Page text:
Affordable Care Act
According to the federal government, about 9.9 million people have signed up and paid for health insurance under President Barack Obama’s health care law as of June 30.
The Obama administration said late last year that it had a goal of 9.1 million of paid enrollments by the end of 2015. Enrollment is official only when a customer makes their first month’s premium payment.
The U.S. Department of Health and Human Services said that 84 percent of those, or more than 8.3 million, were receiving tax subsidies to help with the cost.
In 2014, the enrollment number peaked at around 8 million in the spring and dropped to 6.3 million by the end of the year. Hanging on to customers is a major priority for HealthCare.gov as well as state-run exchanges, amid a growing sense that it may take three to five years for the taxpayer-subsidized markets to approach their full potential.
“They still have a tough hill to climb over the next couple of years to increase enrollment and get more people covered,” said Larry Levitt of the nonpartisan Kaiser Family Foundation.
Officials also said that as of the end of June about 423,000 customers had their coverage for 2015 terminated because they failed to provide sufficient documentation of citizenship or immigration status required to be eligible for Obamacare plans.
Another 976,000 households have had adjustments made to the federal subsidies they receive to help pay for their Obamacare plans’ premiums, and/or to the assistance they get in paying for out-of-pocket health expenses, officials said. Both the subsidies and cost-sharing aid are tied to people’s annual income levels, and can be adjusted if a household’s self-reported income differs from data showing actual income.
Read more: (The New York Times, CNBC)
A new federal report finds that the cheapest individual health plans in counties around the United States became increasingly available on government-run exchanges in 2015, the second year of enrollment on those marketplaces.
The Government Accountability Office’s report looked at the prices for plans for individual coverage in 1,886 counties in 28 states where sufficient data was available. The GAO examined plans sold both on the government exchanges, as well as those sold outside the marketplaces, either directly by the insurers themselves, or via Web-based and traditional brick-and-mortar brokers.
More plans are available outside Obamacare exchanges than on the exchanges.
However, people with incomes up to four times the federal poverty level can qualify for federal subsidies to help pay for their individual health plans only if they buy coverage through Obamacare exchanges that are run by the federal government or individual states. About 84 percent of the current 9.9 million Obamacare exchange customers pay reduced premiums because of those subsidies.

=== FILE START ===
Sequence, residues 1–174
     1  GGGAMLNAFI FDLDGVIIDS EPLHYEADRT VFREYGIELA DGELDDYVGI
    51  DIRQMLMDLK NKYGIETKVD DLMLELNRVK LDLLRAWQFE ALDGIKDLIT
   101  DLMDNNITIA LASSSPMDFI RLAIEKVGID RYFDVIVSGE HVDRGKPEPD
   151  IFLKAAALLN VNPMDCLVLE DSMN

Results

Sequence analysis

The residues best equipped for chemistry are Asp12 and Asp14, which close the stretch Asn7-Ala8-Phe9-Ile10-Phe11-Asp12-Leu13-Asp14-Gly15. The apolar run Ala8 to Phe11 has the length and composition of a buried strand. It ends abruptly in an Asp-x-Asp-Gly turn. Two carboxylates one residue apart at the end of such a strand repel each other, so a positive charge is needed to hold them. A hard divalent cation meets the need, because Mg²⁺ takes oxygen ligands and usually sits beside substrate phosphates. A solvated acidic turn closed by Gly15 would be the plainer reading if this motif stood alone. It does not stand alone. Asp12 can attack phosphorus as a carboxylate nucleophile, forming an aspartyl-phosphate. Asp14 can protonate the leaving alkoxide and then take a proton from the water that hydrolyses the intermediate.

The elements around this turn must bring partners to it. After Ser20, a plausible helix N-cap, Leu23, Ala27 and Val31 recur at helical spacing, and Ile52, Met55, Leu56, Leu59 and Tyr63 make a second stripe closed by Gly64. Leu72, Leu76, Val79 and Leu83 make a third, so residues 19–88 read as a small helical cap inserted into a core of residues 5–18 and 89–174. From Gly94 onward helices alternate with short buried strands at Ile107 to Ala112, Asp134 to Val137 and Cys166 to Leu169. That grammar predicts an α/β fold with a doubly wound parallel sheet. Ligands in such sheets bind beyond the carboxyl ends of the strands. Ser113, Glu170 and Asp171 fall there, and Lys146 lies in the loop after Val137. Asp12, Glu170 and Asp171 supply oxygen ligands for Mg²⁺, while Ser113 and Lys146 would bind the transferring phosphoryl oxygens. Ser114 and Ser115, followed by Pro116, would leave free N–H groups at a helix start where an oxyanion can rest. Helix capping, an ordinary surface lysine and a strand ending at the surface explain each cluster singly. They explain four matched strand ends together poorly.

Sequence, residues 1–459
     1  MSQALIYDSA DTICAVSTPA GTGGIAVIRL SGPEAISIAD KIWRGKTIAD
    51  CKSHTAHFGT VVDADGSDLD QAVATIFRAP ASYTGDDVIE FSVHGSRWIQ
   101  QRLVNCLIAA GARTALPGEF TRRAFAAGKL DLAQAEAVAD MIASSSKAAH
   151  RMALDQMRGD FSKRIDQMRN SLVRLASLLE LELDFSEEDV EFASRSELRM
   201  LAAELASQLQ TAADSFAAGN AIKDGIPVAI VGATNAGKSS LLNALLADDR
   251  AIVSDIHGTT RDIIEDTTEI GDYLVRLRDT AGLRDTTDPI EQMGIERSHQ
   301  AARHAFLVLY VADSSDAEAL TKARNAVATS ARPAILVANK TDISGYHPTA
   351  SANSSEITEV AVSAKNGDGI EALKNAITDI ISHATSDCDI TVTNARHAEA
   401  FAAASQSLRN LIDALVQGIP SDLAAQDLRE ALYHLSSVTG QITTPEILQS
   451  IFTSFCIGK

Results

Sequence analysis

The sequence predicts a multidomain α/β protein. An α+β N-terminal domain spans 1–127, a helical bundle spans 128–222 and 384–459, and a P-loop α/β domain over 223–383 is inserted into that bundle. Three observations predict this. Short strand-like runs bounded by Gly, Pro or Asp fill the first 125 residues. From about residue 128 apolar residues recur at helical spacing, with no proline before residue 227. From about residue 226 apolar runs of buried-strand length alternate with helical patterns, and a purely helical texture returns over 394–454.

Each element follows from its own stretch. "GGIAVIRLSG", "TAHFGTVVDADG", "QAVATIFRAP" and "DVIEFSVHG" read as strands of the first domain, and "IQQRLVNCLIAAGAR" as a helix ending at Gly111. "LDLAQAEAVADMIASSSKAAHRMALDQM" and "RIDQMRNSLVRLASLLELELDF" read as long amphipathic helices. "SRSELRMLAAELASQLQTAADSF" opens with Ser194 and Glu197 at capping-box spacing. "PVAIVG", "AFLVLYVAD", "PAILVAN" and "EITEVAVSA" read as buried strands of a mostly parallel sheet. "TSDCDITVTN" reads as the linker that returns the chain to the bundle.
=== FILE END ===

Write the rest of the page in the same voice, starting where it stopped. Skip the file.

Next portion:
The GAO report also found an increase this year in the number of U.S. counties where customers had at least six Obamacare plans to choose from in each of the four major levels of coverage.
For example, in 38 states examined, the percentage of counties where six or more silver plans were available grew from 80 percent in 2014 to 94 percent this year, the GAO said.
For bronze plans, the second-most popular type of exchange plans, at least six plans were available in 80 percent of the counties in 2014. That increased to 88 percent of the counties this year, according to the report.
Read more: (CNBC)
The American Medical Association says the proposed mergers between four of the nation’s largest health insurers will drive up costs for patients and hurt the quality of care.
Using data from the study, the AMA argues that the potential Anthem-Cigna linkup could harm consumers in 85 metropolitan areas in 13 states: California, Colorado, Connecticut, Georgia, Indiana, Kentucky, Maine, Missouri, Nevada, New Hampshire, New York, Ohio, and Virginia.
The AMA says the merger could also “raise significant competitive concerns” in other metropolitan areas, 111 cities in all. “A lack of competition in health insurer markets is not in the best interests of patients or physicians,” said Dr. Steven Stack, the AMA’s president, in a news release.
Among the cities where the AMA expects that mergers would enhance insurer’s market power, here are the metro areas that could see the biggest changes in market concentration:
1. Dalton, Ga.
3. Lafayette, Ind.
4. Richmond, Va.
5. Terre Haute, Ind.
6. Rochester-Dover, N.H.
7. Bangor, Maine
8. Manchester, N.H.
9. Kokomo, Ind.
10. Lewiston-Auburn, Maine
1. Macon, Ga.
2. Springfield, Ohio
3. Louisville, Ky.
4. Elizabethtown, Ky.
5. El Paso, Texas
6. San Antonio, Texas
7. Jacksonville, Fla.
8. St. George, Utah
9. Lexington-Fayette, Ky.
10. Rockford, Ill.
Read more: (Money, CNN Money)